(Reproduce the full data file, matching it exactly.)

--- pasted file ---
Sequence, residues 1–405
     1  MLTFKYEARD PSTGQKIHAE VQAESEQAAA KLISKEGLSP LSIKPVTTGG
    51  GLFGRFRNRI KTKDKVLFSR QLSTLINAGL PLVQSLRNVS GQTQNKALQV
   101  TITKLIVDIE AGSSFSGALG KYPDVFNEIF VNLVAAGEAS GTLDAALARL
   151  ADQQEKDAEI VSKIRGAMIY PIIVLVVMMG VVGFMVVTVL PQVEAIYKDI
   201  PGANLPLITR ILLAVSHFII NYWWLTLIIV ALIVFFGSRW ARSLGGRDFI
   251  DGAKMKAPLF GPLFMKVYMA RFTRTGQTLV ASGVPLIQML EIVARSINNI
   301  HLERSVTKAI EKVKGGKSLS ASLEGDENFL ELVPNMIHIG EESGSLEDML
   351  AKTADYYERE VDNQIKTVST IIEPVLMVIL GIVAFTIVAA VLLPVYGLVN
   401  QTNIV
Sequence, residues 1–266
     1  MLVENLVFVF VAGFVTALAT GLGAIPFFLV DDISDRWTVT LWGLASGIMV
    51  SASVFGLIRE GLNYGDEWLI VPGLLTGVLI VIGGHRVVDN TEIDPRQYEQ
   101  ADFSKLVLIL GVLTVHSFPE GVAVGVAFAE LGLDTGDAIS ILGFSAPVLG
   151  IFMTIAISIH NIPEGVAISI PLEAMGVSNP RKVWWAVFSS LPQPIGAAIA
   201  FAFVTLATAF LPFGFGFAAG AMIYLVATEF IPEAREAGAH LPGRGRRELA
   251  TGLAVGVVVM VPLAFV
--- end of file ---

Sequence, residues 1–405
     1  MLTFKYEARD PSTGQKIHAE VQAESEQAAA KLISKEGLSP LSIKPVTTGG
    51  GLFGRFRNRI KTKDKVLFSR QLSTLINAGL PLVQSLRNVS GQTQNKALQV
   101  TITKLIVDIE AGSSFSGALG KYPDVFNEIF VNLVAAGEAS GTLDAALARL
   151  ADQQEKDAEI VSKIRGAMIY PIIVLVVMMG VVGFMVVTVL PQVEAIYKDI
   201  PGANLPLITR ILLAVSHFII NYWWLTLIIV ALIVFFGSRW ARSLGGRDFI
   251  DGAKMKAPLF GPLFMKVYMA RFTRTGQTLV ASGVPLIQML EIVARSINNI
   301  HLERSVTKAI EKVKGGKSLS ASLEGDENFL ELVPNMIHIG EESGSLEDML
   351  AKTADYYERE VDNQIKTVST IIEPVLMVIL GIVAFTIVAA VLLPVYGLVN
   401  QTNIV
Sequence, residues 1–266
     1  MLVENLVFVF VAGFVTALAT GLGAIPFFLV DDISDRWTVT LWGLASGIMV
    51  SASVFGLIRE GLNYGDEWLI VPGLLTGVLI VIGGHRVVDN TEIDPRQYEQ
   101  ADFSKLVLIL GVLTVHSFPE GVAVGVAFAE LGLDTGDAIS ILGFSAPVLG
   151  IFMTIAISIH NIPEGVAISI PLEAMGVSNP RKVWWAVFSS LPQPIGAAIA
   201  FAFVTLATAF LPFGFGFAAG AMIYLVATEF IPEAREAGAH LPGRGRRELA
   251  TGLAVGVVVM VPLAFV